Showing posts tagged gaming
Net Addiction NZ provides free online resources for identifying, understanding and managing problematic or addictive video gaming and internet use. Created by James Driver, a passionate gamer and psychotherapist, it contains a wealth of information based on the very latest research into problem gaming, a topic that is increasingly becoming an issue of emotional, psychological and social significance for men in Aotearoa New Zealand.
This may not be for everyone. I am sure there will be a lot of guys with their sons bonding over Star Trek, Magic or the Zombie walk.
(I will be there!!!)
Who remembers Pong? Astro Wars? Pacman? And who would have thought that these humble little bleepers would morph into today’s Wii Fit or even Avatar Kinect?
From their very first incarnations, computer games have enthralled us, engaged us and frustrated us. Over the last 30 years gaming has become a huge force in global technological development, with games crossing time zones, cultures and geographical borders, creating their own sub-cultures and rules of engagement along the way. The future of gaming is bright but the question remains: is gaming good for us?
Plenty of gamers would say yes. There have been many advances in technology which have gotten people off the couch, created new social interaction opportunities and basically wowed us with its ability to provide realistic experiences. From the very first documented computer game “Noughts and Crosses” created for a doctorate dissertation in 1952 through to today’s Brain Computer Interface gaming devise that claims to have mastered thought control, it’s fair to say the world of gaming has grown at an intense speed.
The PlayStation2 Eye Toy in 2003 was one of the first games to enable players to interact with their games using motion, colour detection and sound. Nintendo went on to release the best-selling video game of all time, Wii Sports, in 2006 and Wii Fit in 2007. Using motion sensing capability these games were designed to get families socialising and exercising together with activities ranging from baseball and tennis to yoga and strength training. Today there are even more options in the market including PlayStation Move, and Microsoft’s Xbox Kinect, which doesn’t even require a controller at all.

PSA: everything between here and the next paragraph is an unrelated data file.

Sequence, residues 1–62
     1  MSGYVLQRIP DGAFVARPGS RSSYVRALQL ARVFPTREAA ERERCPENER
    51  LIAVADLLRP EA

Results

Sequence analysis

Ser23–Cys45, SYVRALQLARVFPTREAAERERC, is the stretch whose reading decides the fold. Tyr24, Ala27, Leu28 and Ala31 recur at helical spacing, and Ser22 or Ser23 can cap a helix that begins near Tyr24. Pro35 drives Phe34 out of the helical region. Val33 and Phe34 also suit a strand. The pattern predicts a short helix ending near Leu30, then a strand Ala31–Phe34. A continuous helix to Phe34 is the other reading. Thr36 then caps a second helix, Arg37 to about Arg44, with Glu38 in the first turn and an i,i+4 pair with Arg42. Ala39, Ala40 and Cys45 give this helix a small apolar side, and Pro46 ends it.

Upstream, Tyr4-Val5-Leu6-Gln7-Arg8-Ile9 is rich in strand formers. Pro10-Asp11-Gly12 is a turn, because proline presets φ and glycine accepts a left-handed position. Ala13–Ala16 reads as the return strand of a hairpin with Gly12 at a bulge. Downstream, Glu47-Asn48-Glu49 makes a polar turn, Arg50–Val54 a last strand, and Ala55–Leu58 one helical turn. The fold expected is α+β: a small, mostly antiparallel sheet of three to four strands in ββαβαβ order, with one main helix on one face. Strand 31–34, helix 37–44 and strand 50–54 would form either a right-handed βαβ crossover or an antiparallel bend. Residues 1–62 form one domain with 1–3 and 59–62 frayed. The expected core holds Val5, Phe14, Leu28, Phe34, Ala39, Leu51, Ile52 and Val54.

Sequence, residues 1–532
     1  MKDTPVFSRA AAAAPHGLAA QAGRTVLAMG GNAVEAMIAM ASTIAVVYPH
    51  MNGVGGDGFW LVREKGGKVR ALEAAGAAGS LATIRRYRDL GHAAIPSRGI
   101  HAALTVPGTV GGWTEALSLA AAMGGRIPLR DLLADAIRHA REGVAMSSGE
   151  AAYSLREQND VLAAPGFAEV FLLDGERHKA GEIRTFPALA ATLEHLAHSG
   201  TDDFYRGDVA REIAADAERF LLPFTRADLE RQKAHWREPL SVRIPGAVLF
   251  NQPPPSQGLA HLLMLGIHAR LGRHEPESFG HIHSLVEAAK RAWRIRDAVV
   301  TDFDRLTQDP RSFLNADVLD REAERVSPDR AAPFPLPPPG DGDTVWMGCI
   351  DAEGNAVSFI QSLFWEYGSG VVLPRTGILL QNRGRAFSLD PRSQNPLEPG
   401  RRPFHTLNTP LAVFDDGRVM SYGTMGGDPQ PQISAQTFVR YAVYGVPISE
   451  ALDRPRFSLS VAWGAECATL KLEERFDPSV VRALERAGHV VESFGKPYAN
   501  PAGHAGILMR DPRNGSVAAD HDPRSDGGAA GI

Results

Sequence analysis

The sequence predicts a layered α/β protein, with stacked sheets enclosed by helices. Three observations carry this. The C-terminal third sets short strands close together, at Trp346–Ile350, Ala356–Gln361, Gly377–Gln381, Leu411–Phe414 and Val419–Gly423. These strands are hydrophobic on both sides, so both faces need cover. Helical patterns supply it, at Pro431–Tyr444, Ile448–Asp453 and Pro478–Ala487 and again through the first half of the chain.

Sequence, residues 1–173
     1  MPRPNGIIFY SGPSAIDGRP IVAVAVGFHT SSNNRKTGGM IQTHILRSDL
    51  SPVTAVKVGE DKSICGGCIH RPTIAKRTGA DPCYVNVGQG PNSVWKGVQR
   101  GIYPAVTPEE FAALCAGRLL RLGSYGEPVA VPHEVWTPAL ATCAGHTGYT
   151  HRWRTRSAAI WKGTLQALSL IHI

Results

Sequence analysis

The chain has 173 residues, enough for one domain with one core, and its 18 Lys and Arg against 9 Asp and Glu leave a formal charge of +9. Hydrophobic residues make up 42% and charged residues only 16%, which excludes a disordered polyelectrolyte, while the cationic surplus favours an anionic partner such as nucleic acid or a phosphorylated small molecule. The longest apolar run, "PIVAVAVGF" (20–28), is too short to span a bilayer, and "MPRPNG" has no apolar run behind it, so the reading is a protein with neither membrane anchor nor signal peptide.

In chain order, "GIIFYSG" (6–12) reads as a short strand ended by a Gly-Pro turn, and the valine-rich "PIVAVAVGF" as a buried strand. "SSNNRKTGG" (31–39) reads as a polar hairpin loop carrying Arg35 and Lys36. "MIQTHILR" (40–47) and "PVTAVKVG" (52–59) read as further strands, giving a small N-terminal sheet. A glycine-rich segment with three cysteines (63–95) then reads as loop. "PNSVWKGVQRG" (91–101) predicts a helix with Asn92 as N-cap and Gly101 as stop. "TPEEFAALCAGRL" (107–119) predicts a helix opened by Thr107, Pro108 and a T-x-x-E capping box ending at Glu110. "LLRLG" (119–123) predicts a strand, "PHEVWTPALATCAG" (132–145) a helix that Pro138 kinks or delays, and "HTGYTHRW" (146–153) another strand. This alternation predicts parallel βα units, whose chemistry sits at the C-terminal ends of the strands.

The speed at which mobile gaming is becoming popular is also worth a mention. With smartphone technology, mobile phones today are hugely feature focussed and that trend is accelerating. They started with the 1997 Nokia handset – when games like ‘Snake’, involving black pixels moving on green pixels, were popular. Speed forward 14 years and Android has recently released the Sony Eriocson Xperia Play, the world’s first PlayStation certified smartphone. Mainstream gaming has expanded as we have the ability to do it wherever we wish, whenever we wish.
There are, however, those who take an ‘approach with caution’ stance on gaming. ABC news has reported on the addictive nature of gaming and the affect it has on people’s lives. The well-known game, World of Warcraft, is renowned for this issue. In fact, a study by Mary Schlimme goes so far to ask do we need a Video Gamers Anonymous? There have been a number of studies on gaming and its link to social exclusion and depression. Studies such as the Pathologal video game use amongst youths add important information to the discussion. The New York Times ran a blog article early this year looking into teenage mental health related to the amount of time spent playing video games because it doesn’t look promising.
Most of us have gamed at some point or another. How does it work for you? Is it social connection time, a chance to unwind or the opportunity to get your 30 minutes a day that makes you reach for the controller? Does the advancement of gaming technology excite you or concern you when you hear of the ‘latest gaming release’? Feel free to comment below or on the HisBiz Facebook page.